Ford Motor Company has received plenty of headlines lately as the manufacturer tries to negotiate the difficult terrain of today's evolving automotive industry. Early this year, Ford announced plans to shelve the majority of non-truck, non-crossover, and non-Mustang models in North America, and now, Ford has announced it will further cut its number of automotive platforms from nine to only five.
The new plan is in line with the international manufacturing approach taken by competitors like Volkswagen and Toyota, allowing for streamlining in almost every phase of the process that brings a car from concept, through development, and to the market. Ford's next step is also a continuation of the massive Ford One plan that was set in place by former CEO Alan Mulally, which along with plenty of government help, managed to dig Ford out of the hole created by the Great Recession.
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The Ford One plan slashed the automaker's global lineup of platforms from 30 to nine, but the proposed changes allow Ford to hope for a reduction of up to $25.5 billion in costs, over just the next five years. Ford's head of product development and purchasing, Hau Thai-Tang, delineated the plan during a presentation on Wednesday at the 2018 J.P. Morgan Auto Conference.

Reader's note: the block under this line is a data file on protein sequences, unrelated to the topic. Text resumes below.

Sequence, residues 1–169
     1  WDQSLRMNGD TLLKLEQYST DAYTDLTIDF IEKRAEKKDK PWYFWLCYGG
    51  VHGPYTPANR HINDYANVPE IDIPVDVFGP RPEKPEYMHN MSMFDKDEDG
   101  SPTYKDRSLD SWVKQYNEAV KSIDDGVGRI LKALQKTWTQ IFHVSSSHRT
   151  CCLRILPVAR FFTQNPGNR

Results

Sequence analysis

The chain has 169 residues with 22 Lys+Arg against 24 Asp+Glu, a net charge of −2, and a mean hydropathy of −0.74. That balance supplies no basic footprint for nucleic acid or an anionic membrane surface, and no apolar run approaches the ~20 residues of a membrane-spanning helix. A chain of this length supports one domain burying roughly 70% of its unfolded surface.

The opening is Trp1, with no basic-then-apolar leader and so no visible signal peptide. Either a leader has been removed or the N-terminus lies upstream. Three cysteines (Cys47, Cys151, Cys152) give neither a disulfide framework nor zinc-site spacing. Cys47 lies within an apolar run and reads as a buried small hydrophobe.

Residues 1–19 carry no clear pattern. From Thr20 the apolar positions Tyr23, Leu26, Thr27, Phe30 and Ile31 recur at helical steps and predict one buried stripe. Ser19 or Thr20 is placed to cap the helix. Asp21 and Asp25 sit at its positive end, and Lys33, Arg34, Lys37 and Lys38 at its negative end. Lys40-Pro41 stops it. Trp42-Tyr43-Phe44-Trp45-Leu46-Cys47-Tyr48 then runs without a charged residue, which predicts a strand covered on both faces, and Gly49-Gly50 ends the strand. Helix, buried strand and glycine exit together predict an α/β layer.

The five platforms will include: unibody battery-electric, unibody commercial van, rear-wheel-drive/all-wheel-drive body-on-frame, front-wheel-drive/all-wheel-drive unibody, and rear-wheel-drive/all-wheel-drive unibody. The narrowing of platforms will allow for maximum efficiency through Ford's processes, but what will it mean for specific models?
Already, fans of the 1990s Ford Bronco are faced with the likelihood that the recently announced reboot may including a 'Baby Bronco' for the crossover market, sharing a platform with the Focus Active, in a FWD/AWD layout. Meanwhile, Ford's legacy project, the currently-stellar Mustang, could very well end up sharing a modular RWD/AWD unibody platform with other, larger crossovers like the forthcoming Explorer and the Lincoln Aviator.
Just where Ford's peak-performance GT fits into the new scheme remains to be seen. Will the next generation fit into the category of unibody battery-electric by including a hybrid drivetrain a la the Acura NSX and Ferrari LaFerrari? Or will (unlikely as it may seem) share its platform with the Mustang, as well as the Explorer?